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Fort Worth City Council social media usage


Yesterday, I looked at which city council members had a Twitter account.  Only three did: Mayor Betsy Price and Council Representatives Kathleen Hicks (District 8) and Joel Burns (District 9). Jungus Jordan’s name is registered as a Twitter username, however, the account has no tweets, followers or follows anyone else.

By the numbers (as of 12/20/11, 10:56pm):

  • Betsy Price: 473 Tweets, following 995 accounts, followed by 1005 accounts; most tweets link to her official Facebook page that publishes pictures and stories of her recent engagements.
  • Kathleen Hicks: 3,994 Tweets, following 1,425 accounts and is followed by 896 accounts; Kathleen tweets, retweets and replies.
  • Joel Burns: 1,590 tweets,  following 2,920 accounts, followed by 5,329 accounts; tweets reflect personal and council rep duties.

What about the rest of Fort Worth City Council?

Danny Scarth

  • Website is well designed, specifically for campaigning. What interesting is the use of the Attribution-NonCommercial-NoDerivatives 3.0 Creative Commons license.  This means, anyone can repost content from his site so long as they attribute it and repost as is.
  • The site links to a Flickr account that hasn’t been updated in over 4 years.

Sal Espino

Zim Zimmerman

  • Decent looking website, strictly for campaigning; not very interactive.
  • Notable: There’s a news page that copies letters to the editor from the Star Telegram and Fort Worth Business Press. I wonder if his campaign received permission to do this.

Frank Moss

  • There are lots of Frank Mosses in the world.  I could only find the Councilman’s Facebook page, which appears to not have been updated in some time.

Jungus Jordan

Dennis Shingleton

  • Similar to Frank Moss’s presence, limited to a campaign Facebook page.

Kathleen Hicks

  • Very active on Twitter.
  • Has a web presence, however, not very findable; the site could use a design refresh and some search engine tweaks for findability.
  • Has a Flickr account for photos.

Joel Burns

  • Very active on Twitter.
  • Has a clean website.


All media use has a cost in time, effort and attention to create that media (even 140 character tweets). I’m going to err on the side of optimism and hope that each council rep is using their time appropriately, and also recognize they commit to events, meetings, phone calls and emails social media does not make public.

Price, Hicks and Burns seem to have figured out a balance to stay engaged with constituents and remain active in their personal and professional duties while using social media.  I feel like they get modern, 21st century civic engagement and thus have gained my trust and respect.  And when used well, use of social media can do that to create effective civic outcomes.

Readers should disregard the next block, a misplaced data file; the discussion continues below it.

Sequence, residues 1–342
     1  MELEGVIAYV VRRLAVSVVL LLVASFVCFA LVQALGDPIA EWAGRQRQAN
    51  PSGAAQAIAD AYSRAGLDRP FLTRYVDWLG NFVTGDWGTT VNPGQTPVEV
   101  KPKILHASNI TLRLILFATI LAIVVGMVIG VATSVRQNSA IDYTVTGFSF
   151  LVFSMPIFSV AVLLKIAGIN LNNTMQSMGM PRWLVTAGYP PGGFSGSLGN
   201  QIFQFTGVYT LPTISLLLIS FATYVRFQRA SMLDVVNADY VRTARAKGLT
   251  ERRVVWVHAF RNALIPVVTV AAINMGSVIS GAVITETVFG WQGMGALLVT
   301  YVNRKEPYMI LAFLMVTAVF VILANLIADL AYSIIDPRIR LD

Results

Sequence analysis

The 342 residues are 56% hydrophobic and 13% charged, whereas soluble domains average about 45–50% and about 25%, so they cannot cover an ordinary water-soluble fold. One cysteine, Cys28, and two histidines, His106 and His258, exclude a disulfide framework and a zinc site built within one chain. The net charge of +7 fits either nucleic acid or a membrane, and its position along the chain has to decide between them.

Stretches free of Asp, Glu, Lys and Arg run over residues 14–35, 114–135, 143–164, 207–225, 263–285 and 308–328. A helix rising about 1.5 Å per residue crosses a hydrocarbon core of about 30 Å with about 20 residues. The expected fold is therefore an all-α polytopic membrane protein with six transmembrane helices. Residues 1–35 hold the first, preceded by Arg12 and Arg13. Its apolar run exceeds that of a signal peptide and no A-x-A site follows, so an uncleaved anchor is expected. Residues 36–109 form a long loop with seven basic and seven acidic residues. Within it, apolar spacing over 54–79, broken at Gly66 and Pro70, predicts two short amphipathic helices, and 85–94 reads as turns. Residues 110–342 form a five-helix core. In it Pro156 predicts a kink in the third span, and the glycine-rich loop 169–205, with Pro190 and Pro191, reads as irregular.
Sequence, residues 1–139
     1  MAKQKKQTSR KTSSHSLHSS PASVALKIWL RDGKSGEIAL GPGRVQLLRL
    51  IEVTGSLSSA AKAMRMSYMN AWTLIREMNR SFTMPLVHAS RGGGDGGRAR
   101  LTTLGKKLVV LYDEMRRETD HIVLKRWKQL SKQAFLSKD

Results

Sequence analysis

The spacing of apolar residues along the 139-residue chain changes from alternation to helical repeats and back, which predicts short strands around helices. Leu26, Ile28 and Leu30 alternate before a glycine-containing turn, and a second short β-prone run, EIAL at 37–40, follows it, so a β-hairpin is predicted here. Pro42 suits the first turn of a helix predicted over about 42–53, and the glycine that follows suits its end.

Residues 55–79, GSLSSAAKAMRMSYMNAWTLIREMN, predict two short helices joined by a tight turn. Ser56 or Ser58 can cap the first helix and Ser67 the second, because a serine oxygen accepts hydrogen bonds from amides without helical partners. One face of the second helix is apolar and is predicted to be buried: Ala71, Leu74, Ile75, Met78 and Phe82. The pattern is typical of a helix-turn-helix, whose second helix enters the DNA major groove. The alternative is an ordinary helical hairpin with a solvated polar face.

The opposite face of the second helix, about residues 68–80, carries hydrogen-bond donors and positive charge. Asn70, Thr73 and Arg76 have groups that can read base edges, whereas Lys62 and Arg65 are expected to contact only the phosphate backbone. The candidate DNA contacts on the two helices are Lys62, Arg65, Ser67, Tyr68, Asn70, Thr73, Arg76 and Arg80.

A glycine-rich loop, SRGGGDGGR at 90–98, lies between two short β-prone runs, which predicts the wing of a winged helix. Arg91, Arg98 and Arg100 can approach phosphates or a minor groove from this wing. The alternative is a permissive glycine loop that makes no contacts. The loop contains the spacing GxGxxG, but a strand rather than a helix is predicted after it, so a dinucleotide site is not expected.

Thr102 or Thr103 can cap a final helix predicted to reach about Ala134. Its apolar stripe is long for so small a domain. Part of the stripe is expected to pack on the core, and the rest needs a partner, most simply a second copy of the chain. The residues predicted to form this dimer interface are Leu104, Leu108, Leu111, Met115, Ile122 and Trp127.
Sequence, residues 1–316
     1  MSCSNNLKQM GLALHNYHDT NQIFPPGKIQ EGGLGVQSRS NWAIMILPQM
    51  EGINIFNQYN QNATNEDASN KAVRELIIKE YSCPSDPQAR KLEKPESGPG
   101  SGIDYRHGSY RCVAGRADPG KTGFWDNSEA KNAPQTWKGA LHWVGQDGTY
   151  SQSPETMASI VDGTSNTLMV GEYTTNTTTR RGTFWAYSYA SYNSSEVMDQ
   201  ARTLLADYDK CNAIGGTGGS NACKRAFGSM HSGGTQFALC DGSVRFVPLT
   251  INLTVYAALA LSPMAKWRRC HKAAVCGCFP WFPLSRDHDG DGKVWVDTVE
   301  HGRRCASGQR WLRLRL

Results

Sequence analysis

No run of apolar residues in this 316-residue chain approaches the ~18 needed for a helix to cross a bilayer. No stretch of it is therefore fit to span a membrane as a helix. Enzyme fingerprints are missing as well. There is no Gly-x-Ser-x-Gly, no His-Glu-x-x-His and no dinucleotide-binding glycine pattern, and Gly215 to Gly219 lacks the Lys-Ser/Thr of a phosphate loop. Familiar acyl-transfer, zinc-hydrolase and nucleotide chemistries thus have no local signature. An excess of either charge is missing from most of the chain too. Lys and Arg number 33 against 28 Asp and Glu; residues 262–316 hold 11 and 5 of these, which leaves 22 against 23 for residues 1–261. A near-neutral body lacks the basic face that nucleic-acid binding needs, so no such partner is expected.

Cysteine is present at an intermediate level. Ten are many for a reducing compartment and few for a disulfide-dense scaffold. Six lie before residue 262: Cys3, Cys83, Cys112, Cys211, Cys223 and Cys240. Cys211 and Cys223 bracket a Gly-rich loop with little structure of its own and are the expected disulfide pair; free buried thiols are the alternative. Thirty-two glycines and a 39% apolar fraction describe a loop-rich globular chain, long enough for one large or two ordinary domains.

The Point

Fort Worth is attempting to brand itself as a more modern city, engaged and aware of its citizens’ needs.  Per the SteerFW event:

Employment Oportunities

Goal: Create strong preception and brand for the city that will stimulate emerging entrepreneurial businesses — such as tech, health care, green and research industries — to grow into large employers for our city.

Urban Development

Goal: Encourage development that includes sustainability standards that encompass a balance/focus on environmental, economic and social consciousness for all local communities.

It’s unfair to use a council rep’s adoption of Twitter as a metric for modern, connected civic engagement. They do good work. That should be appreciated. But the above two points rely on doing things differently and becoming connected in a different way that’s more agile, adaptable and astute.

Fort Worth City Council Rep Twitter representation


The Fort Worth City Council consists of nine members: the mayor and 8 city council representatives.  The current city council comprises of the following individuals:

  • Mayor: Betsy Price
  • District 2: Sap Espino
  • District 3: Zim Zimmerman
  • District 4: Danny Scarth
  • District 5: Frank Moss
  • District 6: Jungus Jordan
  • District 7: Dennis Shingleton
  • District 8: Kathleen Hicks – on Twitter
  • District 9: Joel Burns – on Twitter

Below are two maps. Using the Fort Worth GIS city council overlays, I used Photoshop to layer the districts over a Google Maps still.  Due to the shape of the districts and lacking quality from the GIS, the overlay below is approximate.  Districts containing the Twitter bird represent those districts with a city council representative that has a Twitter account. The second, shows, for comparison, districts with a rep on Twitter versus the remainder of the city. Click the images to make larger.

More analysis tomorrow.

Fort Worth City Council Districts and Twitter representation


Fort Worth City Council Districts and reps with Twitter accounts
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Review of the Star Telegram iPad app


Summary: The Star Telegram app is functional app that delivers content well, but restricts and undervalues the content. Pros: great value, photos look great, environmentally friendly, solid delivery of content. Cons: You’re reading a PDF at first, inconsistent browsing behaviors, the power of the iPad is underutilized, download times vary.